The Democratic-controlled House issued a symbolic rejection of President Bush's plan to deploy more troops to Iraq on Friday, opening an epic confrontation between Congress and commander in chief over an unpopular war that has taken the lives of more than 3,100 U.S. troops.
The vote on the nonbinding measure was 246-182 with 17 Republicans and 2 Democrats breaking ranks.
"The stakes in Iraq are too high to recycle proposals that have little prospect for success," said Speaker Nancy Pelosi, leader of Democrats who gained power last fall in elections framed by public opposition to the war.
Disapproving of the decision of the President announced on January 10, 2007, to deploy more than 20,000 additional United States combat troops to Iraq.
The resolution resolved by the House of Representatives (the Senate concurring), that--
(1) Congress and the American people will continue to support and protect the members of the United States Armed Forces who are serving or who have served bravely and honorably in Iraq; and
(2) Congress disapproves of the decision of President George W. Bush announced on January 10, 2007, to deploy more than 20,000 additional United States combat troops to Iraq.
Earlier Dave Loebsack said "Today, with my colleagues, I stand here in support of our brave men and women of the armed services as well as their families. We should honor their great commitment and sacrifices without hesitation.
The time has come to tell President Bush enough is enough! Last November, the American people spoke. They spoke loudly and clearly on a number of issues but none more passionately and forcefully than the war in Iraq. The American people, long before this debate this week, decided that the misadventure in Iraq must end.
Our troops have performed valiantly in Iraq. In a matter of just a few weeks, our troops removed from power a brutal dictator and began to provide the Iraqi people with the opportunity to construct a new political order. Our troops also have contributed mightily to the reconstruction and development of the Iraqi economy and infrastructure.
But over the course of this conflict, the mission of our troops has been transformed and now they find themselves in the middle of a civil war that involves not just two sides but almost innumerable factions in conflict with one another. What's worse is the continued presence of American troops in Iraq will likely only inflame the ongoing sectarian strife and create more, not fewer, enemies of America. The bottom line is that a continued presence of America troops will only exacerbate the multiple conflicts in Iraq.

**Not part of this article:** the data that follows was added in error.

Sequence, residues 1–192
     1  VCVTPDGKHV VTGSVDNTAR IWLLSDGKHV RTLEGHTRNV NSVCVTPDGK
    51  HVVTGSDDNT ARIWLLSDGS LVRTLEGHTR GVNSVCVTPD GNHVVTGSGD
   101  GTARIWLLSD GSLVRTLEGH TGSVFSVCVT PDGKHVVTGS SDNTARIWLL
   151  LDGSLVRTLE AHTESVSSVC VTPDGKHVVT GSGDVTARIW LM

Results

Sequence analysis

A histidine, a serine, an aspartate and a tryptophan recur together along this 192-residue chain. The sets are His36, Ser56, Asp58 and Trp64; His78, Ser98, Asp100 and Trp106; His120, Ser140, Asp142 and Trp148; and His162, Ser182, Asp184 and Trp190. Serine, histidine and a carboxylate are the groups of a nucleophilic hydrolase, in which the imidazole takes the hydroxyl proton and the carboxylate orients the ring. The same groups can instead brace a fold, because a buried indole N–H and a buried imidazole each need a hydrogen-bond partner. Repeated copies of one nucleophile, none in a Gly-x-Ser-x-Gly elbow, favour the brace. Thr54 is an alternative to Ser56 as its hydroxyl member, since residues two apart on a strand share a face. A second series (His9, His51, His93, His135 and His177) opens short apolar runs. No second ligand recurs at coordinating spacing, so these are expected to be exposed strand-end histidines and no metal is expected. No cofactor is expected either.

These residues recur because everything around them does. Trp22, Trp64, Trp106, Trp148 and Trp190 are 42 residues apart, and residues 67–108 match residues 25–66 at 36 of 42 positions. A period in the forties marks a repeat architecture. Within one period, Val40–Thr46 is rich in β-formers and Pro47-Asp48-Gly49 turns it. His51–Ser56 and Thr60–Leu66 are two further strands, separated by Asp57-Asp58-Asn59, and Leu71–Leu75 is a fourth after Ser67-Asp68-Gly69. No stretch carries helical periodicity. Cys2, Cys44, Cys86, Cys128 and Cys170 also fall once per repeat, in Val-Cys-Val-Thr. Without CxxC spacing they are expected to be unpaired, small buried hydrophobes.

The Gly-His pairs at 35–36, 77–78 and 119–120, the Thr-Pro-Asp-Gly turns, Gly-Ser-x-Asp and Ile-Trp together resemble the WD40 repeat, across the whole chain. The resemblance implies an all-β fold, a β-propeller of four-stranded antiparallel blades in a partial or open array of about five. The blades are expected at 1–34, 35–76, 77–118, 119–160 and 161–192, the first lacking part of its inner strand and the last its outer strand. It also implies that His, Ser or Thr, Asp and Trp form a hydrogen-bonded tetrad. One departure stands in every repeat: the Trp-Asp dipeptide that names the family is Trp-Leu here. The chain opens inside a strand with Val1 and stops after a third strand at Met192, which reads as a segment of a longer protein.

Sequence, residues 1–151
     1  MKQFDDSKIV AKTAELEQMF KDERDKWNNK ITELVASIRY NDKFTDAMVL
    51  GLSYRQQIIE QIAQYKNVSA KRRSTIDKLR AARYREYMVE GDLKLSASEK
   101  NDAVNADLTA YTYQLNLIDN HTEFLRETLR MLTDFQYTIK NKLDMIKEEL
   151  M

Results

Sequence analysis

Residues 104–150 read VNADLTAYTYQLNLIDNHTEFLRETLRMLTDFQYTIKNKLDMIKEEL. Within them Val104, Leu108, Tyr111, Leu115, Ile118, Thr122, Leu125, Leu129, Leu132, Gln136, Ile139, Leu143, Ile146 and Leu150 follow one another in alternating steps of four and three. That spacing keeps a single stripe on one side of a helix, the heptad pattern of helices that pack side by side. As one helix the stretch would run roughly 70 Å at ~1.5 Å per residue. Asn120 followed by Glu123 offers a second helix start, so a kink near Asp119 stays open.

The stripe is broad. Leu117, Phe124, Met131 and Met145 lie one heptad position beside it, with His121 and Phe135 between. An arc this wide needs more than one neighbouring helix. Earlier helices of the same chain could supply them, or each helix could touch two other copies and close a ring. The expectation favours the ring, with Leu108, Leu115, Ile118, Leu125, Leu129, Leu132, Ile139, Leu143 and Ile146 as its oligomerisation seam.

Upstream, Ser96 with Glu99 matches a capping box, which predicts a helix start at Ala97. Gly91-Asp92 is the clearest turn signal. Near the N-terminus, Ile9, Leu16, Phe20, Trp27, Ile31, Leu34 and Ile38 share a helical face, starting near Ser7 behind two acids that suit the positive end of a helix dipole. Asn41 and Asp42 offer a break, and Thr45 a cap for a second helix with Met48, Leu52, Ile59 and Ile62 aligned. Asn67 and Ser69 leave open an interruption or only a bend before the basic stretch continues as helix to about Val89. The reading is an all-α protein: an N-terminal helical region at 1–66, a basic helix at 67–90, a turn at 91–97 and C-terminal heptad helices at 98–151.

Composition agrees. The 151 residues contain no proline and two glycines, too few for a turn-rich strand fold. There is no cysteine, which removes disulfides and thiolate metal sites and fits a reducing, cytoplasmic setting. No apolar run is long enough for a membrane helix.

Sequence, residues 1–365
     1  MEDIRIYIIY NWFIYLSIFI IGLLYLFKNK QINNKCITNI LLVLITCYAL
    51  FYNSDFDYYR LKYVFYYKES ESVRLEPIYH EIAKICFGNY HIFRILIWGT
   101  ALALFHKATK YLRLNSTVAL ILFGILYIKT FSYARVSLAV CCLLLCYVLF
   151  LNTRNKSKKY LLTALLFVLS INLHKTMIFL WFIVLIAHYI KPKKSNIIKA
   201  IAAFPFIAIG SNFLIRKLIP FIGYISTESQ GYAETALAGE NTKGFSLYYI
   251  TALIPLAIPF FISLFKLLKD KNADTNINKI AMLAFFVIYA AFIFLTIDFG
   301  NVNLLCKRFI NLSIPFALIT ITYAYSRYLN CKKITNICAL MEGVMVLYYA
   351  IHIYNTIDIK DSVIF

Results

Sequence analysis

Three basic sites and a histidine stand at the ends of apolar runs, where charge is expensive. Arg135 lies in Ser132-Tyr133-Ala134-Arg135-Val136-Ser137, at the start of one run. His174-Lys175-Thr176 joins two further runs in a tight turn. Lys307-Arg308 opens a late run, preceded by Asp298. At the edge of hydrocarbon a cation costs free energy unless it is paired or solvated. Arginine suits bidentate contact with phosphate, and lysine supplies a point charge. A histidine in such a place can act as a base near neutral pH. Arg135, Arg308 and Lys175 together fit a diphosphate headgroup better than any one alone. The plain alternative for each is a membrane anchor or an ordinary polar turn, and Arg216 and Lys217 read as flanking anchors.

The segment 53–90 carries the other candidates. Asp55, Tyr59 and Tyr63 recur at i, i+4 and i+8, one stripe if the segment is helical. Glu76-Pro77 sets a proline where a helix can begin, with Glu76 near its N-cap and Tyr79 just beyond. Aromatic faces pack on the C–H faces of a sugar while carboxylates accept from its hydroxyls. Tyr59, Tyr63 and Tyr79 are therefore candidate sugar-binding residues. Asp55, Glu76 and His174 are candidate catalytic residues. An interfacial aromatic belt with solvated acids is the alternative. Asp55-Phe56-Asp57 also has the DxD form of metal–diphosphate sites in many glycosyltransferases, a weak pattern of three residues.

While it was the Bush administration who initiated hostile actions in March of 2003, I believe it is now necessary for the Iraqi people to step up and assume responsibility for their future. We are at a point in this conflict where the only way forward includes a concerted and effective effort on the part of the Iraqi government to share both political power and the economic resources of their country.
What is also needed now more than ever is for this administration to reach out to our traditional allies and those in the region who have a significant stake in the future of Iraq. The Bush administration must do something it has been woefully reluctant to do. It must admit that it made a major strategic and foreign policy blunder when it invaded Iraq in the first place. I am willing to wager that such an admission would go some distance towards at least beginning to repair our relations with the rest of the world. And the improvement of our relations with our traditional allies beyond the British is a prerequisite to securing their help on Iraq.
In conclusion I call on my colleagues to support this
resolution today as a beginning of this chamber's efforts to protect the troops and bring our country's involvement in this war to an end."